She probably stayed on the road 10 times more than I would. She was constantly gone. We never had time to have problems. But I would read about it all the time that we’re fighting over this or that. She would do Ralph Emery’s TV show and say, ‘Crystal is mad at me because I recorded this album with Tammy and Dolly.’
I would say, ‘Hey, Loretta, what did you mean by that?’ It happens, were sisters. The only time we ever really had words was when Mom was dying. I think that’s normal because you’ve got so many emotions. But it wasn’t something that stuck with us or anything major. It was just the turmoil of your mother dying. And I’m sure she was laying there saying, ‘I’m gonna spank you both…’

There’s An Exhibit Based Around Her Life

source: youtube

You know you’ve made it when there’s an exhibit dedicated to you at a museum. In 2014 Nashville’s Country Music Hall of Fame and Museum opened the “Crystal Gayle: When I Dream” exhibit featuring stage costumes, a custom made Barbie Doll, and childhood gifts that she made for her mother - there’s even a photo of Gayle from her days of sporting a short hair cut. How things change.

Following the exhibit's successful run in Nashville, Gayle returned to her roots as a country singer and released a new album in 2019 that’s filled with classic tracks from Buck Owens and Hank Williams. As always, her hair is still a main concern. While promoting the album she told People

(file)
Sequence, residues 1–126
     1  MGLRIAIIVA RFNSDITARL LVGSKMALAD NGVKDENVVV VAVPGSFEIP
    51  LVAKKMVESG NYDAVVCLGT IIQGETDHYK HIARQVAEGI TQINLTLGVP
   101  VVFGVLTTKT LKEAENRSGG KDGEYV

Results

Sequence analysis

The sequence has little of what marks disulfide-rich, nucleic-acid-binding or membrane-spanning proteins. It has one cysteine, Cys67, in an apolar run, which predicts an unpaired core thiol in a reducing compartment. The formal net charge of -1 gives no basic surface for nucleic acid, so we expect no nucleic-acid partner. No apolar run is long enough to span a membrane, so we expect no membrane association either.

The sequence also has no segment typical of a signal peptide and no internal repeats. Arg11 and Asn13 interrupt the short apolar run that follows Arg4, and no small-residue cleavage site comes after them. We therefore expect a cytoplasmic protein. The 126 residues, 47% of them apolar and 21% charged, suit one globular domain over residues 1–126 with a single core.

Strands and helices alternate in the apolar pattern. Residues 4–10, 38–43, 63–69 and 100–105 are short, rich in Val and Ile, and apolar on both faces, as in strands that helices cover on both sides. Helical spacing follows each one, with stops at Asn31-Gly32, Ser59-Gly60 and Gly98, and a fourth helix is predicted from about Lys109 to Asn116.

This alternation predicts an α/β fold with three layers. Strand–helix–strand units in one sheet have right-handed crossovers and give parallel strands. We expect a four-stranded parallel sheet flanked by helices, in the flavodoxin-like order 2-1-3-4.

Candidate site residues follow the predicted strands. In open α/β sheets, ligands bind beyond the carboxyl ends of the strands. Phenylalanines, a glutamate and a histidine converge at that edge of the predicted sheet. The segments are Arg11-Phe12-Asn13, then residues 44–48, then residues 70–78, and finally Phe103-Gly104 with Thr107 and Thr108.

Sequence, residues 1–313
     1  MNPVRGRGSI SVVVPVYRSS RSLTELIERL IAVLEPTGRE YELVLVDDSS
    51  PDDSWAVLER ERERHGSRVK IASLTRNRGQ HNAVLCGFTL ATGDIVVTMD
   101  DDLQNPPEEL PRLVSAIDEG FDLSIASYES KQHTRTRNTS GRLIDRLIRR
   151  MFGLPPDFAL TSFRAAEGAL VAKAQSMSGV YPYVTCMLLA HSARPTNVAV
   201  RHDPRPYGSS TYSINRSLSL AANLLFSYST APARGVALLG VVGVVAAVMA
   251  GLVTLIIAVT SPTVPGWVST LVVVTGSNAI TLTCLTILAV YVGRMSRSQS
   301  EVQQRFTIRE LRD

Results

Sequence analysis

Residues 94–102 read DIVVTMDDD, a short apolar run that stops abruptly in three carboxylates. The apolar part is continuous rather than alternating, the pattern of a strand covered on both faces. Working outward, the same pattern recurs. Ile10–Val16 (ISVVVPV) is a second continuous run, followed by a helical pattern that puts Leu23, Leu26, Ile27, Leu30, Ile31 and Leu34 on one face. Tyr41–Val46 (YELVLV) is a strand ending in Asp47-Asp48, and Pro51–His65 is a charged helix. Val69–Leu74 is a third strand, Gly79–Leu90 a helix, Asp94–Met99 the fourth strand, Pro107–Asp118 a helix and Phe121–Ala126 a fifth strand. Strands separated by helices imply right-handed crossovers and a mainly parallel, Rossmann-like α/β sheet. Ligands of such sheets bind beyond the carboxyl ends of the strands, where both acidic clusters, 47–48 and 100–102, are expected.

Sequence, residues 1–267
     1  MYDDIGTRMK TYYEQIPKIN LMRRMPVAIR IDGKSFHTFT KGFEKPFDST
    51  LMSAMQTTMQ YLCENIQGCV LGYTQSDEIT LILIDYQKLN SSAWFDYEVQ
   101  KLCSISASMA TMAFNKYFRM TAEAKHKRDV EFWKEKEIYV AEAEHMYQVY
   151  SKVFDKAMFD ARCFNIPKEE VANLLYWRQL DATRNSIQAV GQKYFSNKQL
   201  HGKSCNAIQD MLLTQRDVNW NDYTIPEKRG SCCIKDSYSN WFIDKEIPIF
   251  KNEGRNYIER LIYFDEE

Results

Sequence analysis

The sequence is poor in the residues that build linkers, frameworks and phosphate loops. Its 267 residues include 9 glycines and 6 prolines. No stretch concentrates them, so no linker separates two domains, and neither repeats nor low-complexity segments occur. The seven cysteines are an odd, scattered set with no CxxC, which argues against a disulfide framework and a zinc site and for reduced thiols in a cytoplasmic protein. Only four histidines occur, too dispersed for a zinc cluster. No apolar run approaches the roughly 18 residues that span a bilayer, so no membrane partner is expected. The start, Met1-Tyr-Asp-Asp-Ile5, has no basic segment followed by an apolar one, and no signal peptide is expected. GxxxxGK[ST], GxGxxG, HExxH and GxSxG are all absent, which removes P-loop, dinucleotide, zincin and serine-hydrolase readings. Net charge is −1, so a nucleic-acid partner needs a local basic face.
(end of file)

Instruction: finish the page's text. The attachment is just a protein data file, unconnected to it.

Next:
It’s hard to get rid of something that’s been around for a while. I keep thinking, when I quit the road, is that when I cut it — or do I cut it before?

Tags: 1970s Country Music | 1970s Hair Styles | Childhood Crushes | Country Music | Crystal Gayle | Ladies | Loretta Lynn

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Jacob Shelton


Jacob Shelton is a Los Angeles based writer. For some reason this was the most difficult thing he’s written all day, and here’s the kicker – his girlfriend wrote the funny part of that last sentence. As for the rest of the bio? That’s pure Jacob, baby. He’s obsessed with the ways in which singular, transgressive acts have shaped the broader strokes of history, and he believes in alternate dimensions, which means that he’s great at a dinner party. When he’s not writing about culture, pop or otherwise, he’s adding to his found photograph collection and eavesdropping on strangers in public.